+ As some of you might know, I pray the Daily Offices of Morning and Evening Prayer every day. Every day, without fail. I have to. An Episcopal priest, and as Oblate of St. Benedict, I am committed to prating the Office daily. Doing so, however, proves a bit daunting. Or rather, I should say, exhausting and…I don’t know if I’m even comfortable saying this, but I’ll be honest…There are moments when praying the Daily Office is just kind of boring and tedious.
It’s a normal part of regular prayer life. The monastics, of course, certainly experienced this. They called this boredom the Noonday Demon. And it’s an important thing to recognize and name and get beyond.
So, what does one do in those instances when regular prayer becomes boring? One finds ways to rejuvenate it, to stir the pot a bit, so to speak. And, for me, I have found that I have been able to use other liturgical resources in my praying of the Daily Office. One of the resources I use, is actually, the Liturgy of the Hours of the Roman Catholic Church. Although I am sworn, by the vows of my ordination, to pray according the worship of the Episcopal Church, meaning I am obligated to pray the Daily Office as we find it in in the Book of Common Prayer, I am able to use some of the antiphons, responses and collects/prayers of the Liturgy of Hours, as well as the Intercessions in my daily prayer. And it has helped tremendously.
But I have also added to my daily prayer regime, the Office of Readings from The Liturgy of the Hours. The Office of Readings is a wonderfully contemplative office, in which, in addition to psalms and scriptures, there is also a select reading from one of the early Church Fathers.
Well, the reading for today—this Tuesday of Holy Week—really struck me, and I’d like to share a bit of it with you. This comes from St. Basil, an early Church Father, from his book, On the Holy Spirit. St. Basil writes,
“To attain holiness…we must not only pattern our lives on Christ’s by being gentle, humble and patient, we must also imitate him in his death. Taking Christ for his model, Paul said that he wanted to become like him in his death in the hope that he too would be raised from death to life.”
Now for me, that is the sense of what it means to follow Jesus. And that is our job as Christians. We are to follow Jesus.
In our Gospel for this evening, we find Jesus admonishing his followers to walk in the light while they still have the light. Well, we are those followers he speaking to tonight. We are the ones who are, in this moment, still walking in the light.
But, in these next few days, we will be walking in the darkness as well. We will be following Jesus through some very dark moments in his journey to the cross. And this journey is, of course, not just his journey, but our journey as well. It is not an easy journey. It is a hard journey. And it is a dark journey. But that is all part of what it means to follow Jesus.
Last week, at St. Mark’s, William Weightman preached a very wonderful sermon about many of these same issues. In that sermon, I loved the reaction he received from the Lutherans and even some Episcopalians in the congregation when he shared with us about how when he was confirmed, the Bishop slapped him. Some of them were shocked.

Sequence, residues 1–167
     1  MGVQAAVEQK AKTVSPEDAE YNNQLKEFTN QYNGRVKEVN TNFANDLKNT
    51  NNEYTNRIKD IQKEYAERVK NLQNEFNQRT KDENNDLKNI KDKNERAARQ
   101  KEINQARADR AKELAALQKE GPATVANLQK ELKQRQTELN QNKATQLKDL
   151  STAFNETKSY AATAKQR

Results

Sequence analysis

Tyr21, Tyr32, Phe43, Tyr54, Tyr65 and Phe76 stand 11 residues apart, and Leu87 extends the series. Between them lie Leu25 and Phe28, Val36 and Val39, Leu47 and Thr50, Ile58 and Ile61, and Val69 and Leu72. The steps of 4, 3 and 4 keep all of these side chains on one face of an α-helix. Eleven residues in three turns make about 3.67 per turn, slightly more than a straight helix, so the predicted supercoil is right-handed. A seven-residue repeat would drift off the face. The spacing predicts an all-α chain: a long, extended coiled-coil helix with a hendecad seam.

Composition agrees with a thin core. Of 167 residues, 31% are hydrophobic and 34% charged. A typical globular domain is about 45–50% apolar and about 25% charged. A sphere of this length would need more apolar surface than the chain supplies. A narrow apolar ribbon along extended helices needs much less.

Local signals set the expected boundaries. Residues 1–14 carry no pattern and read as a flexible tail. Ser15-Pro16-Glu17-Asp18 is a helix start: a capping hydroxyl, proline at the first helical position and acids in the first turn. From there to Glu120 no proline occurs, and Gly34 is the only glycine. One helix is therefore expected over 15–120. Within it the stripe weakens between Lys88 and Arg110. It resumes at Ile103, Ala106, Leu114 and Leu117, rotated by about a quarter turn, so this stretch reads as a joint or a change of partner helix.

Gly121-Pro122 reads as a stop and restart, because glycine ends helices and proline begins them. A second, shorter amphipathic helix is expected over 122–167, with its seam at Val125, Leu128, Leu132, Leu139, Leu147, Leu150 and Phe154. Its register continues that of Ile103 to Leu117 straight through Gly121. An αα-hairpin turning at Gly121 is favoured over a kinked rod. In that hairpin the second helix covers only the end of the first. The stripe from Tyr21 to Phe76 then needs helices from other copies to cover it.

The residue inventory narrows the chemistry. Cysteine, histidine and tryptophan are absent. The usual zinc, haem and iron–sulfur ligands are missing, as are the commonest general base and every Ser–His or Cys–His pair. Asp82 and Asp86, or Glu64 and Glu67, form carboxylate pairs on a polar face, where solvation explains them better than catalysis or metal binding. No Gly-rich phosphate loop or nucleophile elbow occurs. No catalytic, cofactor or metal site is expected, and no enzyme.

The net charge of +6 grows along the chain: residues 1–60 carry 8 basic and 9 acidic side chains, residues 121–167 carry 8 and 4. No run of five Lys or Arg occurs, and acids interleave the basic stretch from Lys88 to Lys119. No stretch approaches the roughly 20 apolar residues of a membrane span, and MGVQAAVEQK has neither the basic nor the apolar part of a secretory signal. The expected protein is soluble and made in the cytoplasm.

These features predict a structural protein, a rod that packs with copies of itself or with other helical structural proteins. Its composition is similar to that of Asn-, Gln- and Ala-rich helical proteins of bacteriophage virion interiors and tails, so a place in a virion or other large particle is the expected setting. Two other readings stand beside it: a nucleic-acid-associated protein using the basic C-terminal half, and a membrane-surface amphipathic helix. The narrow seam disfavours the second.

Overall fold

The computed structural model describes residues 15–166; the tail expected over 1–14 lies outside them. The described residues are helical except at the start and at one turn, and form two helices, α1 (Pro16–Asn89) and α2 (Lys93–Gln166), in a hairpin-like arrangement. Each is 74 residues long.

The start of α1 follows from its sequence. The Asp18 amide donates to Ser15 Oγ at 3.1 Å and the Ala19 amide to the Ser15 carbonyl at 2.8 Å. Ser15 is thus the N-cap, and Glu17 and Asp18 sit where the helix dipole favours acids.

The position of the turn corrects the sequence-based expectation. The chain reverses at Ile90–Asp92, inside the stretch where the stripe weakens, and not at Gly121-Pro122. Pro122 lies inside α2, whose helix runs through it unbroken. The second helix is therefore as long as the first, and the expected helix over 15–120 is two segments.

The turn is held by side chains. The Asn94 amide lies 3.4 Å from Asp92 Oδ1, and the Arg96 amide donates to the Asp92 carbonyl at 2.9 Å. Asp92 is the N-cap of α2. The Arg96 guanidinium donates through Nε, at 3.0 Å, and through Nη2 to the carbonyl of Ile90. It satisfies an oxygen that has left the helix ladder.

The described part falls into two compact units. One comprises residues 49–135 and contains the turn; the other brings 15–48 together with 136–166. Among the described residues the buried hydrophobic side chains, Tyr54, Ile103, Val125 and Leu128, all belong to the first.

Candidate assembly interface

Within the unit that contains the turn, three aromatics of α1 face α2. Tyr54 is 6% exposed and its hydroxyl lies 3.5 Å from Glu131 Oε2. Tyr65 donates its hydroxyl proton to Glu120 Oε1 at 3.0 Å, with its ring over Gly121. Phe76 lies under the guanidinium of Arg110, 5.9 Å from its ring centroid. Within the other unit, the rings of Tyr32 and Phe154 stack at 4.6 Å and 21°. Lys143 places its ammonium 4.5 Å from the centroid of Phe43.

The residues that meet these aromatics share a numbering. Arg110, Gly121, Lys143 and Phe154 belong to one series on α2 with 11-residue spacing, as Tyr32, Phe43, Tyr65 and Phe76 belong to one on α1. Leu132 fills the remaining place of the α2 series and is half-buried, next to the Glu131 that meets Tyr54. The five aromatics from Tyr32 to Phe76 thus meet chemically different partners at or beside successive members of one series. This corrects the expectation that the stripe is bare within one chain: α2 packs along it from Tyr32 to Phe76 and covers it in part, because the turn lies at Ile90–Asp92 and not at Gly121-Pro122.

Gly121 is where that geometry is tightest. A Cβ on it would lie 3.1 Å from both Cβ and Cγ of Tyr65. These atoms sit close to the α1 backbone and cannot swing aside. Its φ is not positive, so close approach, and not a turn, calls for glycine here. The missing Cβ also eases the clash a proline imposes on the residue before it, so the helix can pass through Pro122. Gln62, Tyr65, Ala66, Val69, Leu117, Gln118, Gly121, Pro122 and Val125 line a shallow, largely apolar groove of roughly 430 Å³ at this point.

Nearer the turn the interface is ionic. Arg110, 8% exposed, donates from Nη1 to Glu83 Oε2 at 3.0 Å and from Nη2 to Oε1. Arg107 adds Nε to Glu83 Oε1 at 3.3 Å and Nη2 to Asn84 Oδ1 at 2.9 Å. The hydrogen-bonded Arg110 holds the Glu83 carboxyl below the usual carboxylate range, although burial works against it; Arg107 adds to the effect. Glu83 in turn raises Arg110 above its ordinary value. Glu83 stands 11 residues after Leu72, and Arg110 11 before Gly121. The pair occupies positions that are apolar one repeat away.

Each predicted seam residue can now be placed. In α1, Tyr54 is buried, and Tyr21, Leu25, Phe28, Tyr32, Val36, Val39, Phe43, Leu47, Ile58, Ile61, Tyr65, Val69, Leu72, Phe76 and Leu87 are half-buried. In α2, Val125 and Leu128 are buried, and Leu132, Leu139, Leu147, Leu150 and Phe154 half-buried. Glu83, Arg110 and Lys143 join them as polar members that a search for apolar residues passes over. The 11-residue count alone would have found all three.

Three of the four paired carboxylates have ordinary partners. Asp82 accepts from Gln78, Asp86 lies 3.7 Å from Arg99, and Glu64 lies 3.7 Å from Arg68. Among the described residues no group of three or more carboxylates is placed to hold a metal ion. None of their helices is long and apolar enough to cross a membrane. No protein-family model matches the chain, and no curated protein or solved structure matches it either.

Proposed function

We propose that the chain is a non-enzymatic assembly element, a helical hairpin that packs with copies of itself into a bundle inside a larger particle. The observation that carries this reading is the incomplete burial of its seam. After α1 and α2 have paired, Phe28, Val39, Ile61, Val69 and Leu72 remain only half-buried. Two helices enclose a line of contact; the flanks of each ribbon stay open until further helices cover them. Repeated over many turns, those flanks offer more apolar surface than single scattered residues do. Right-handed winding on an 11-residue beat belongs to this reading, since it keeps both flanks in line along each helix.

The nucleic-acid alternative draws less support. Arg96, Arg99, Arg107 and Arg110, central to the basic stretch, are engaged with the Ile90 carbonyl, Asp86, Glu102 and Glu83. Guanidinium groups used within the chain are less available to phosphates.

Now, we should be clear, the Bishop didn’t slap William because he was being a bad boy at his confirmation. Well, maybe William was being a bad boy at his confirmation. But the Bishop didn’t slap only William. That Bishop slapped everyone being confirmed that day. It was a part of the traditional Anglican rite to provide a light slap to people being confirmed. As William explained, the reason for this slap was to remind us, as followers of Jesus, that the journey is sometimes hard.
We will face hardships in our following of Jesus. Our following of Jesus means we follow him through good times and bad. We follow him through the miracles and the teachings. But we also follow him through the Garden, through the sweating of blood, through the anguish, through the near-despair, through the betrayal, through the whipping, through the carrying of the cross, through the agony of having loved ones see us in our pain and misery and humiliation, through the nailing on the cross, through the physical anguish and through, yes, even death. It means following him through everything we prayed about in tonight’s Litany of the Passion.
But…before we think all is bleak, as hard as it is to remember this, we must also look beyond all of that. Following Jesus means following him also to that glorious light which will once more shine on us on Saturday evening and Sunday morning—that glorious Easter light.
There are dark days ahead for us, as followers of Jesus. But the light will return. And that Light, on its return, will be even more glorious. That Light will be even more stunning. That Light will be even more blindingly beautiful than anything we’ve experienced to that moment. It will be because we have been through the darkness. We have known darkness. And because we have, that Light will be even more stunning.
So, let us journey with Jesus. Let not waver in our following of him. Let us bear what we need to bear in these next days. Let us go even into those dark places we don’t really want to go. But let us do so knowing that light is just around the corner. Light in just beyond our reach. Light is awaiting us. And it will be a glorious light.